Why is carbohydrate counting becoming more popular?
Carbohydrate counting is a method of planning meals to ensure the amount of carbohydrates consumed at every meal, every day, is constantly the same so that blood sugar control is generally better. This method has gained popularity ever since 1994 when the ADA (American Diabetes Association) altered its recommendations on food. With scientific proof showing that sugar is the same as carbohydrates when it comes to affecting levels of blood sugar and that no particular meal plan brings the same effect to every person, the ADA issued new advisory information which no longer discourage sugary foods to give greater attention to limiting carbohydrate consumption and have meal plans suitable for just a particular individual.
The diabetics who were given intensive insulin treatment with the use of insulin pumps or many insulin injections each day were the first to practice carbohydrate counting. It helps them to calculate the amount of insulin necessary to work on the quantity of carbohydrates consumed at a particular meal. Today, even more diabetics who do not need insulin are doing carbohydrate counting as it assist them to control blood glucose levels.
It’s the carbohydrates which causes blood sugar levels to rise
Any noticeable increase in levels of blood sugar after a meal is due to the carbohydrates consumed, and is not caused by the protein or fat eaten. The level of increase is dependent upon the percentage of carbohydrates found in the foods taken, the amount of those foods containing the carbohydrates, and the quantity of insulin in the bloodstream. Consuming the same quantity of carbohydrate for lunch or dinner as well as snacks each day can assist a diabetic to have his levels of blood sugar constantly inside his target range and notice any abnormal movements of lows or highs.
The Complete Guide to Carb Counting -Video Guide
How much carbohydrate to eat?
A professional dietitian can assist you to find out how much carbohydrates you ought to have each time you eat by evaluating the total caloric requirements and observe how your body reacts to the food consumed by looking at the movement of your blood sugar levels. That is why keeping a record, to show the foods as well as the amount eaten, the type of medicines you use, your physical activity, and the levels of blood sugar for the whole day, is important as it will assist your dietitian to make changes to improve your meal plan. When your dietitian has helped you to know how much carbohydrates should be eaten at each meal, you are permitted to pick your preferred foods and the amount of the food at every meal to be same as the targeted amount of carbohydrates.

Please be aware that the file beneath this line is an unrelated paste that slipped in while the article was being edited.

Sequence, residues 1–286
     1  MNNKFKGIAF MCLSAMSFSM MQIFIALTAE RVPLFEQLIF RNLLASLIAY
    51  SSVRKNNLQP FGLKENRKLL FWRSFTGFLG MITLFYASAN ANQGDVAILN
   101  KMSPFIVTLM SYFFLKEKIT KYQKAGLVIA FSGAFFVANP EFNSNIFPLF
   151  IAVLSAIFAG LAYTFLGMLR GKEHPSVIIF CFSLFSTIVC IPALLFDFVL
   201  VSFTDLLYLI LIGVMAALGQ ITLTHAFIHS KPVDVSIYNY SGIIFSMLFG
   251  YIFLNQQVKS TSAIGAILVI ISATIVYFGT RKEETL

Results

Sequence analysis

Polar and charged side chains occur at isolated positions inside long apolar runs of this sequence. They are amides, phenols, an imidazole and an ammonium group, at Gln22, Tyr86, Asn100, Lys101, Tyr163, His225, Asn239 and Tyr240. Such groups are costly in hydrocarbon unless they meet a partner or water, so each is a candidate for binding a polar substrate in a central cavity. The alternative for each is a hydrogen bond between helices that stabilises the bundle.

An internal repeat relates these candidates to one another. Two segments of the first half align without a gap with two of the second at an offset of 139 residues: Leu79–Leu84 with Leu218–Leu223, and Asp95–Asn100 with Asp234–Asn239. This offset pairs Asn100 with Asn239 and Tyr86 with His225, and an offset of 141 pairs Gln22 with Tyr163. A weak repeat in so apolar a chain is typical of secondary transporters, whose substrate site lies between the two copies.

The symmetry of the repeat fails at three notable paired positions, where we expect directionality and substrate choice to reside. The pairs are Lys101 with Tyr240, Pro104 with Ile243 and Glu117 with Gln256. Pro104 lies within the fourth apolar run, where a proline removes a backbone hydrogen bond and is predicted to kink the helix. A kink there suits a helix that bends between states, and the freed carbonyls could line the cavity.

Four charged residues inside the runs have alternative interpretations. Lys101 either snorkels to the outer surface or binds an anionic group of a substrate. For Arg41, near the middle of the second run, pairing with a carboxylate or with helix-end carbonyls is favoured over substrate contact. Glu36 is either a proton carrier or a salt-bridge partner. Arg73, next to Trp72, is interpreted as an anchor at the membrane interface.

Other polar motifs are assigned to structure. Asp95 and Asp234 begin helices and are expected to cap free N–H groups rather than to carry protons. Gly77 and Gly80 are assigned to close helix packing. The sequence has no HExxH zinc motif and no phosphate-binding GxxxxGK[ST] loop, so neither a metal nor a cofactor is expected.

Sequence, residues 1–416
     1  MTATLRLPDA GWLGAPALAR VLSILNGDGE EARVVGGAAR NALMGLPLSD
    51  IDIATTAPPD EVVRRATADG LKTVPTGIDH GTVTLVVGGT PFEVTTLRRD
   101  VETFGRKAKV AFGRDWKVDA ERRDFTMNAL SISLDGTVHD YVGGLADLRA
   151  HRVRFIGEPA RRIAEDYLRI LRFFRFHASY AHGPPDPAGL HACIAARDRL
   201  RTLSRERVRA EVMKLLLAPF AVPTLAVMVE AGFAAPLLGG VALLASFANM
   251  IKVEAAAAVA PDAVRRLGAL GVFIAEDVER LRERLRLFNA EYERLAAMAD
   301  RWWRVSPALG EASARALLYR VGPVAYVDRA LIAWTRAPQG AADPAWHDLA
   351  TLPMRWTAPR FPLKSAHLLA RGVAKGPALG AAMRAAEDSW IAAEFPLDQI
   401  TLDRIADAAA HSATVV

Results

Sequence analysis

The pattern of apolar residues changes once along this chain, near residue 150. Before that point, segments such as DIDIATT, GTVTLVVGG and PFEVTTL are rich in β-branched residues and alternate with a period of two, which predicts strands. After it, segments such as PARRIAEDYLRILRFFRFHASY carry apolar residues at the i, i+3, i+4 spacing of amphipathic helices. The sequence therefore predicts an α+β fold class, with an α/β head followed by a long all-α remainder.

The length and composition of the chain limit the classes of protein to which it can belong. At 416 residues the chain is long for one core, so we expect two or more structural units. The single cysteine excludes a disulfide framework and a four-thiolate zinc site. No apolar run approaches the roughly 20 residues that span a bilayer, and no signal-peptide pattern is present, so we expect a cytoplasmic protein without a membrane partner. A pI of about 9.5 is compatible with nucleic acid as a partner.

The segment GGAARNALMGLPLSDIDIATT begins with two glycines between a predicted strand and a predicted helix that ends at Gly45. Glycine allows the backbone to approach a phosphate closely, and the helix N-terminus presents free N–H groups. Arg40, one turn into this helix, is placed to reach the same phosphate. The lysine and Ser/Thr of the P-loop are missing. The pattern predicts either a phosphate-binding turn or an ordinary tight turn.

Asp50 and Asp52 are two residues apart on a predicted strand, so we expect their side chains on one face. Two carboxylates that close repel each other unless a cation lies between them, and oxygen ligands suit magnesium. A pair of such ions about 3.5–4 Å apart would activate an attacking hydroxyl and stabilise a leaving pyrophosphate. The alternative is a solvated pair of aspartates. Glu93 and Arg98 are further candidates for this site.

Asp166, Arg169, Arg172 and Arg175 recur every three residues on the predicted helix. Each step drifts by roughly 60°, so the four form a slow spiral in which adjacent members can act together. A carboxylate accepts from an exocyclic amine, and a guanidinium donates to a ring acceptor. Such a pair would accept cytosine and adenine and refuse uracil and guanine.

For instance, suppose you are permitted to consume carbohydrates amounting to 60 grams for a particular meal, it is possible for you to have several foods, such as
- Orange juice - ½ a cup (carbohydrate content 15 grams)
- A scrambled egg (about 1 gram of carbohydrate)
- Toast - 2 slices (30 grams carbohydrate), with jelly - 1 tbsp (15 grams carbohydrate)
- Shredded wheat - ½ cup (15 grams of carbohydrate)
- Skimmed milk - a cup (15 grams carbohydrate)
- 2-ounce bagel (30 grams of carbohydrates)
- Cream cheese (no carbohydrate content)
The given two meals have different amounts of protein, fat, and calorie content. However, since each of them have the same amount of carbohydrate, both should have the same effect on the levels of blood sugar and so need the same quantity of insulin
Beware of poor nutrition
Although you can replace a food with carbohydrate content with another and gives you the opportunity to eat your delightful sweets in practicing carbohydrate counting, you ought to realize that you can be moving towards less nutritious food. A good variety of foods such as whole grains, fruits, and vegetables together with reduced-fat dairy items as well as fish is important to a healthy diet.
Ways to calculate with accuracy
In carbohydrate counting, accuracy in getting the size of the portions right is essential to success. A four ounce bagel or a bigger potato cannot have the same amount of carbohydrates as a two ounce bagel or a smaller potato and a wrong estimate can give different blood glucose results later. There is food which is proportioned, like a slice of bread, with carbohydrate amount printed on the label, and this helps to make carbohydrate counting easier. To calculate accurately certain foods so as to obtain the right portion needed, you may have to resort to a food scale, measuring spoons, or measuring cups.
From exchange system to carbohydrate counting
If you are using the exchange system at present, it is easy for you to change to carbohydrate counting by knowing the amount of carbohydrates in every exchange in the meal plan you are using. There are carbohydrates amounting to 15 grams in an exchange of each starch or fruit; carbohydrates amounting to 12 grams in an exchange of milk; carbohydrates amounting to 5 grams in an exchange of each vegetable; and no carbohydrate content in an exchange of a fat or meat.